Over a period that stretched from November 2007 to February 2008, Albert Kleven abducted and murdered eleven young women and girls in California, Arizona, and Utah before he was finally apprehended by the Los Angeles County Sheriffs Department on February 23, 2008. Since the time of his incarceration, where he awaits execution by the state of California, Kleven had refused to speak with any members of the press. So last month it came as some surprise when Kleven chose Internet film journalist Ghost Dawg - né Mitchell Hayden, best known for his spirited campaign to have the movie Crash's Best Picture Academy Award revoked - for his first interview.

Ghost Dawg: In court you were very upfront about accepting your guilt. You seem to understand what you have done and feel some remorse. You clearly have perspective. So take me back. What are the antecedents of the Albert Kleven behavior that put you here?

Albert Kleven: I grew up in a wonderful home with two loving parents. We regularly attended church. My parents did not drink or smoke or gamble. There was no physical abuse in the home. I don't want anyone to try and blame what happened to me on poor parenting.

Dawg: When did the darkness begin to enter your life, then?

Kleven: As an undergraduate at UC Santa Barbara, I encountered, at a free screening sponsored by the campus's film society, the film Crash -

Dawg: The one by Paul Haggis, not the one by David Cronenberg -

Kleven: Right, correct. The Paul Haggis film. It blew my mind. I just thought it was amazing. And it introduced me to a whole new world of troublesome cinema. I believe the most damaging kind of movie is that which manages to be incredibly mainstream and overrated while somehow still enjoying the prestige and underdog status of a fringe film. The wedding of those two forces - as I know only too well - brings about behavior that is too terrible to describe.

Dawg: Walk me through that. What was going on in your mind at that time?

Kleven: First I just want to say - I'm not blaming Crash. I'm not saying it caused me to go out and do certain things. I take full responsibility for all the horrible things that I've done. The issue is how this kind of cinema contributed and helped mold and shape the monster I became. In the beginning, it fuels a certain kind of thought process. Because you are told that this is a good, serious movie by critics, that it is thought-provoking, that it is saying something relevant, that it is interesting, well, you begin to assume that must be a reflection of yourself. You must be interesting.

Dawg: All the while you are unaware the film is vapid horseshit ...

Kleven: Exactly. Once you become addicted to it, and I look at this as a kind of addiction, you look for more potent, presumably deeper material. You go back and see Million Dollar Baby, maybe American Beauty. You love Little Miss Sunshine because you think it is "edgy." You think you are edgy. It disgusts me to think about this now, but I recall having a conversation with a friend about Million Dollar Baby winning Best Picture, and he said that he thought The Incredibles was the best film of that year. I laughed in his face and said, "That's just a cartoon." There are nights when that exchange haunts me more than all the women and girls I killed.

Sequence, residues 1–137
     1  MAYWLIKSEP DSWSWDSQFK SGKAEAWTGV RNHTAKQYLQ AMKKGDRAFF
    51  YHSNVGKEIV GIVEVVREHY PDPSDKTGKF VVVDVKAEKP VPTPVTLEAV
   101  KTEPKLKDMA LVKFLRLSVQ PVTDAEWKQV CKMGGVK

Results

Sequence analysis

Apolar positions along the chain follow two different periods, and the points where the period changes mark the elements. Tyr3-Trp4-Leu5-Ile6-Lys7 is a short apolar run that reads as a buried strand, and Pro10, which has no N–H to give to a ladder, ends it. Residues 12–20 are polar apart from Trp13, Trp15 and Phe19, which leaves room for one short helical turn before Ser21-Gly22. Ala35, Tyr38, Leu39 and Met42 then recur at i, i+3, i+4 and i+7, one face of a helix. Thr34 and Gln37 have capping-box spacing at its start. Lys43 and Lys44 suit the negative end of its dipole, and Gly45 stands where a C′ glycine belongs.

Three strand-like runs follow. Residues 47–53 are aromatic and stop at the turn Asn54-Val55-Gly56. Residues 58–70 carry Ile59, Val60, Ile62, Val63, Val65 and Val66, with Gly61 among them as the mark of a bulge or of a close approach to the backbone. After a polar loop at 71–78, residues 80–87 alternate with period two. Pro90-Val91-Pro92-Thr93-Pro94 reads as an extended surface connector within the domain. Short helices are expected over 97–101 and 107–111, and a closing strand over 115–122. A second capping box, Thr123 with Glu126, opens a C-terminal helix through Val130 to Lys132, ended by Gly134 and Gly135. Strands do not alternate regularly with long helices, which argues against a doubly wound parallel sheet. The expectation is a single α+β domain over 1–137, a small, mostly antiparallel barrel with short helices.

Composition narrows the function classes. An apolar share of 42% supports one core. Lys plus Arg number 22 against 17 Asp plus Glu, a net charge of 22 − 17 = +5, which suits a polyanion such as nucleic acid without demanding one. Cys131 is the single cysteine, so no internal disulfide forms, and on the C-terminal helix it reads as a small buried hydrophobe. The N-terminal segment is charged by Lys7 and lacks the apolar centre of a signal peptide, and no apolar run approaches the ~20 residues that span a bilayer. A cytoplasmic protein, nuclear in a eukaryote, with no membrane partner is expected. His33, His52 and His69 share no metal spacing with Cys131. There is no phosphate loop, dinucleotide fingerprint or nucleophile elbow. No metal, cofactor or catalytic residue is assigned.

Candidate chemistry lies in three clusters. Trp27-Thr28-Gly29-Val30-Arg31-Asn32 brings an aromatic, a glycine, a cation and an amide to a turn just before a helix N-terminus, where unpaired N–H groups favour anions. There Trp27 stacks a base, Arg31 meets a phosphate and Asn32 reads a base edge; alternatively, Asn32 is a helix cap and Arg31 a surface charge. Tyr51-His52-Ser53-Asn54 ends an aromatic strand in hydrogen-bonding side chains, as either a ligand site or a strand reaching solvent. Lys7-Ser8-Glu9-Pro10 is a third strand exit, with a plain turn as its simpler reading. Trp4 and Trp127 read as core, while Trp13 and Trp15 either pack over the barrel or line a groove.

Dawg: How long did you stay at that point, where you were simply an insufferable douche, before you actually hurt someone?

Kleven: Several years. I started my own film blog, and that kept me going for a while, but I was getting worse.

Dawg: Do you remember what pushed you over that edge?

Kleven: It's a very difficult thing to describe - the sensation of reaching that point where I knew I couldn't control it anymore. But it was probably after I gave Julie Taymor's Across the Universe a 10 out of 10 on my blog.

Dawg: After you committed your first murder, what was the emotional effect?

Kleven: There is no way to describe the brutal urge to do that, and once it had been satisfied, or spent, I became myself again. Basically, I was a decent person. I had good friends. I led a normal life, except for this one small but very potent and destructive thing - I loved Crash. Those of us who have been so influenced by mediocre film criticism in the media, particularly the newsstand magazines, are not some kind of inherent monsters. We are your sons and husbands. We grew up in regular families. As diligent as my parents were, and as good a Christian home as we had, there is no protection against the kinds of pedestrian influences that are loose in movie theaters. And home video. Did you know Crash has been number 1 on Netflix's Top 100 since the day it hit DVD?

Dawg: There have been several hundred reporters that wanted to talk to you, but you asked to speak with me because you had something you wanted to say. You feel that over-valued and trite films, and the door to them, Crash, is doing untold damage to other people.

Kleven: I'm no social scientist, and I don't pretend to know what John Q. Citizen thinks about this, but I've lived in prison for a few years now, and I've met a lot of men who were motivated to commit violence. Without exception, every one of them was a huge fan of Crash. The FBI's own study on serial homicide shows that the most common interest among serial killers is banal cinema.

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